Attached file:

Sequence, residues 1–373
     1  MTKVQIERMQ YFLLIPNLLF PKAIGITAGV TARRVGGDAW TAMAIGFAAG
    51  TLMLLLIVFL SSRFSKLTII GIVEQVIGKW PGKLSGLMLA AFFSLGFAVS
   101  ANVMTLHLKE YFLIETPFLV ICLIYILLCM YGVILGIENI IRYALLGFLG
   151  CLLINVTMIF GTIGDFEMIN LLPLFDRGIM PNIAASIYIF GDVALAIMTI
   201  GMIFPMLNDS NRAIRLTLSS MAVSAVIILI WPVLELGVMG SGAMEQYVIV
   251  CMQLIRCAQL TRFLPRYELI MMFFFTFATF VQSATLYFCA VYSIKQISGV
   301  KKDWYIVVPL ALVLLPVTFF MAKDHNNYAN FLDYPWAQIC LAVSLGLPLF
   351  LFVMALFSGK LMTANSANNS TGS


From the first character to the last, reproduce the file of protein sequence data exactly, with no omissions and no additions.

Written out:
Sequence, residues 1–373
     1  MTKVQIERMQ YFLLIPNLLF PKAIGITAGV TARRVGGDAW TAMAIGFAAG
    51  TLMLLLIVFL SSRFSKLTII GIVEQVIGKW PGKLSGLMLA AFFSLGFAVS
   101  ANVMTLHLKE YFLIETPFLV ICLIYILLCM YGVILGIENI IRYALLGFLG
   151  CLLINVTMIF GTIGDFEMIN LLPLFDRGIM PNIAASIYIF GDVALAIMTI
   201  GMIFPMLNDS NRAIRLTLSS MAVSAVIILI WPVLELGVMG SGAMEQYVIV
   251  CMQLIRCAQL TRFLPRYELI MMFFFTFATF VQSATLYFCA VYSIKQISGV
   301  KKDWYIVVPL ALVLLPVTFF MAKDHNNYAN FLDYPWAQIC LAVSLGLPLF
   351  LFVMALFSGK LMTANSANNS TGS